Satellite photos released on Monday appear to show China making progress on construction of at least two dozen hardened concrete hangars suitable for housing Chinese air force planes, including strategic bombers and inflight refuelers, on disputed islands in the South China Sea.

The photos were collected and studied by the Center for Strategic and International Studies (CSIS), a Washington-based think tank. They show construction work on man-made islands at Fiery Cross, Subi and Mischief reefs. The think tank reports the images were taken in June and July.

“These hangars are the smoking gun. You do not build nearly 80 hangars for civilian purposes on these tiny spits of land They're clearly meant for forward deployment of Chinese Air Force assets,” Greg Poling, Director of CSIS' Asia Maritime Transparency Initiative, told Fox News.

“They're holding a gun but they haven't put the bullet in it yet and they're saying that's not threatening,” he added.

China has said the new islands are primarily to assist fishermen and other causes, as well as to reinforce its sovereignty claims. China also says that the islands should be able to defend themselves, and that it is entitled to build whatever structures it wishes on them.

Meanwhile, the commander of the U.S. Pacific Fleet on Tuesday called for more military transparency to help calm simmering tensions in the region. Adm. Scott Swift also criticized China-Russia joint naval exercises planned next month in the South China Sea, saying the choice of location would not help with "increasing the stability within the region."

He also said any decision by China to declare an air defense identification zone over the strategic water body would be "very destabilizing from a military perspective."

The Hague-based Permanent Court of Arbitration issued a ruling on July 12 invalidating China's vast South China Sea maritime claims, a ruling that Beijing largely refused to accept. China strongly criticized the United States for encouraging the Philippines, a U.S. ally, to pursue the matter.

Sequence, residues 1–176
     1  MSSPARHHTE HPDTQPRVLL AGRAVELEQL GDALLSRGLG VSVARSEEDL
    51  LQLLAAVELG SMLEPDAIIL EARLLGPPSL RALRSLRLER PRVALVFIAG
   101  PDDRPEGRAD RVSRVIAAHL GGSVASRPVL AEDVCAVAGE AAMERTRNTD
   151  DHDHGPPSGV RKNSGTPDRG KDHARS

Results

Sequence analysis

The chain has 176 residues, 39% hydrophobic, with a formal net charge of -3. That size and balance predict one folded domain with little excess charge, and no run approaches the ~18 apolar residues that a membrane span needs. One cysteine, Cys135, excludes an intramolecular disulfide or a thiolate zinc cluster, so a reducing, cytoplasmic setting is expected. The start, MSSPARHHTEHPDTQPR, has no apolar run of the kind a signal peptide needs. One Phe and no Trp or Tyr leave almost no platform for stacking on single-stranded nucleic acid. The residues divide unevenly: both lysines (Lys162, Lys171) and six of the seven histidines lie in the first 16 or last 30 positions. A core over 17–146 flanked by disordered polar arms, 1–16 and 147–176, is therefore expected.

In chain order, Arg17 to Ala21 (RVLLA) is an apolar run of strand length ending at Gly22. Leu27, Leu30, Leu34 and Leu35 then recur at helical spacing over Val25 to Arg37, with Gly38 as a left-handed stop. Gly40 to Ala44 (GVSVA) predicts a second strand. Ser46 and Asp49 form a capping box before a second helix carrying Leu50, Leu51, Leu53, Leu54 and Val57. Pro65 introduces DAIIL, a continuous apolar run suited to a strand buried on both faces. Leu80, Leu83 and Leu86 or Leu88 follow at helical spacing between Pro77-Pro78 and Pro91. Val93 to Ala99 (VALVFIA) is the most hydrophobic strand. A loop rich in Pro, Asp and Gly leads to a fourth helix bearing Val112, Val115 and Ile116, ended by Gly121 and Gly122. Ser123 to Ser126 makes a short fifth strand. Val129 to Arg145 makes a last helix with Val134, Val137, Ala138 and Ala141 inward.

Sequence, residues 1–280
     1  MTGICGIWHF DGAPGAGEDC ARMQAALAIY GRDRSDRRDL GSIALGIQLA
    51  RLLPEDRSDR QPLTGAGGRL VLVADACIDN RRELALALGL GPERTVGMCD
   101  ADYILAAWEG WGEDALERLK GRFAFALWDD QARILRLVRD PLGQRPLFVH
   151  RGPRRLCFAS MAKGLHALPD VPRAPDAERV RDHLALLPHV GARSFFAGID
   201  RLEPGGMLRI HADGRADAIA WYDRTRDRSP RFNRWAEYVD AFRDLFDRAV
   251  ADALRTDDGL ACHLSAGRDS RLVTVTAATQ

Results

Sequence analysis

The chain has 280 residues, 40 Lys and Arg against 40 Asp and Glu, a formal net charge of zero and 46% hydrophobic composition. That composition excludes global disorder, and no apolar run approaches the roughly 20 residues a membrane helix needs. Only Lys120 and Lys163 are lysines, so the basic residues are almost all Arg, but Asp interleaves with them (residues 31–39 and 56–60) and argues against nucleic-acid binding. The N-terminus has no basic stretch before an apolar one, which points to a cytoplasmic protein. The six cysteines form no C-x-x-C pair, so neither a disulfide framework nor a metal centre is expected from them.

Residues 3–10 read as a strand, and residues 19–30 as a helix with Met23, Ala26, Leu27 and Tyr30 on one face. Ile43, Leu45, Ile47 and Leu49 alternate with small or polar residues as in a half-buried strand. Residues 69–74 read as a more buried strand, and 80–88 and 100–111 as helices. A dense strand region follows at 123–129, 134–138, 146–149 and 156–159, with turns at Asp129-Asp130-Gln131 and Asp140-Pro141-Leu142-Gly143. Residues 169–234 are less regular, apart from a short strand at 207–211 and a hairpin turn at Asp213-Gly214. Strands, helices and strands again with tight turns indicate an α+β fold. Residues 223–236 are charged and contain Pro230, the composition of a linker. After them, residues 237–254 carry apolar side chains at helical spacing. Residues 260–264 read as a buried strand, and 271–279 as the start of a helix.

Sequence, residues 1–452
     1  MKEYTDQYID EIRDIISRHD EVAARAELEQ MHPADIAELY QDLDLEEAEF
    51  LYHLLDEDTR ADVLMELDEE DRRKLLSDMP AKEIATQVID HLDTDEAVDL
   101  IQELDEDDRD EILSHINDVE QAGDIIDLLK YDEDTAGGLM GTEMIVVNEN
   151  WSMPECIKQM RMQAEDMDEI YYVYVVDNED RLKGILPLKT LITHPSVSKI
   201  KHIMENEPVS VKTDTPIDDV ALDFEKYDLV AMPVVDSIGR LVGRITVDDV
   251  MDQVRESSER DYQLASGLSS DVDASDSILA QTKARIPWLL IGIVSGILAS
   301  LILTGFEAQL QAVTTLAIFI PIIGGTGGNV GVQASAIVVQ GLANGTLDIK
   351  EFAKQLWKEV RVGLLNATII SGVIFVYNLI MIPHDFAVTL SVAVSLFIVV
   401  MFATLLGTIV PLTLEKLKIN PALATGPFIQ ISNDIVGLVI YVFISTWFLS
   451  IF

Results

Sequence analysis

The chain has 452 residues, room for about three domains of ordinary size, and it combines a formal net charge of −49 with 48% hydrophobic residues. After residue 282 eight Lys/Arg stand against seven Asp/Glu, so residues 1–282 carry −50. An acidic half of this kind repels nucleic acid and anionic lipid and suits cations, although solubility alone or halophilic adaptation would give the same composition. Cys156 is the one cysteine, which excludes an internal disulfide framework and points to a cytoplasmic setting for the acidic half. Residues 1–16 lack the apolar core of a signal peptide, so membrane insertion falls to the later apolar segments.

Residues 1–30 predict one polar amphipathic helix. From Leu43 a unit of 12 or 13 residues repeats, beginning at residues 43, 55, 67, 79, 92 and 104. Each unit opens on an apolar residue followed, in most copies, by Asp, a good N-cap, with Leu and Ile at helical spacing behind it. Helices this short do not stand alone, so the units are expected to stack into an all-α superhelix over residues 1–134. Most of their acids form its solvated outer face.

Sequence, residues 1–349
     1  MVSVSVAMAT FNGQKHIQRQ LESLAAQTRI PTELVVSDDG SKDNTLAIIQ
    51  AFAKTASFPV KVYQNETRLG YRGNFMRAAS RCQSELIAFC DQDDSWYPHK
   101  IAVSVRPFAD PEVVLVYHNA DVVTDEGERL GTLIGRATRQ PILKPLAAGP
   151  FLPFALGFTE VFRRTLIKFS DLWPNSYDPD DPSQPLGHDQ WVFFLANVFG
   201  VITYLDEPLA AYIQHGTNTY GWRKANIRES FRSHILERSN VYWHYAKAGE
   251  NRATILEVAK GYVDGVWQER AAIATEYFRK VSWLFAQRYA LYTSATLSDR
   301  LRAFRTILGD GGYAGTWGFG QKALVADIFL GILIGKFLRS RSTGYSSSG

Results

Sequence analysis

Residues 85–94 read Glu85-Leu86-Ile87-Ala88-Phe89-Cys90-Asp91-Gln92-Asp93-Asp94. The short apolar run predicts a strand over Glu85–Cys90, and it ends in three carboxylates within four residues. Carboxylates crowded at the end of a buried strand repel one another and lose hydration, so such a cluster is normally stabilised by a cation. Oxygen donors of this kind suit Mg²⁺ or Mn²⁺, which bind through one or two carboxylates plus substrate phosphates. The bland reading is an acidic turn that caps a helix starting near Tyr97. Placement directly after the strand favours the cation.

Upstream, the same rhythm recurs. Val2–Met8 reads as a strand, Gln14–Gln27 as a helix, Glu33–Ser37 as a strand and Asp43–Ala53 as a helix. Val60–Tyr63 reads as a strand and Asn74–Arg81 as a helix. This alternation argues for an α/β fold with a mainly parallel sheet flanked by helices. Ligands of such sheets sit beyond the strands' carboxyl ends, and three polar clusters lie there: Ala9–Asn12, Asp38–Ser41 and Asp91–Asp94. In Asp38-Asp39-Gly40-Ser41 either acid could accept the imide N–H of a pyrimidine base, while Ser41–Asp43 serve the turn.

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A satellite image showing development at Subi Reef. (CSIS/AMTI/DigitalGlobe)

Since then, Beijing has launched air patrols over the South China Sea, said it would consider declaring an air defense zone and vowed to continue work on man-made islands created from piling sand atop coral reefs in the highly contested Spratly group.

Swift was visiting the northern Chinese port of Qingdao as part of efforts to build trust and understanding between the two navies, now locked in a protracted competition for primacy in East Asia, where the U.S. has traditionally been the dominant military power.

Meanwhile, Japan protested Tuesday over a marked increase in the number of Chinese coast guard and fishing vessels in waters near disputed islands in the East China Sea.

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A satellite image showing development at Mischief Reef. (CSIS/AMTI/DigitalGlobe)

Swift said the responses of all parties to the arbitration ruling had been consistent with their long-held positions and it was unclear what, if any, recent Chinese actions had been taken specifically in response.

"I think it's a mistake to take them individually and not look at them as a collective. And you have to look at it as an extension of an arc," Swift said.

Such judgments were made more difficult by a lack of transparency about intentions, he said, repeating a frequent U.S. criticism of China's secretive military.

"The uncertainty in the region is because of the lack of transparency and exactly where it is that arc is going. And that arc is defined by multiple data points," he said.

Swift cited two examples: The still unexplained cancellation by China of a visit by the aircraft carrier USS Stennis earlier this year, and the reason for the construction of the new aircraft hangers.

"That increases the angst and uncertainty, that lack of transparency, and that is generally destabilizing as opposed to a stabilizing action," Swift said.

The admiral said he was confident the U.S. Navy would continue to sail close to China's artificial islands in what are called freedom of navigation missions to reinforce the stipulations of the United Nations Convention on the Law of the Sea, although he said such decisions are made in Washington. China deeply resents such cruises, greeting them with threats and harassment.

Swift also criticized the planned China-Russia drills, saying, "There are other places those exercises could have been conducted."

"So I think that is a matter of concern and something that should be considered from the perspective of actions that are not increasing the stability within the region," he said.

Fox News' Lucas Tomlinson and The Associated Press contributed to this report.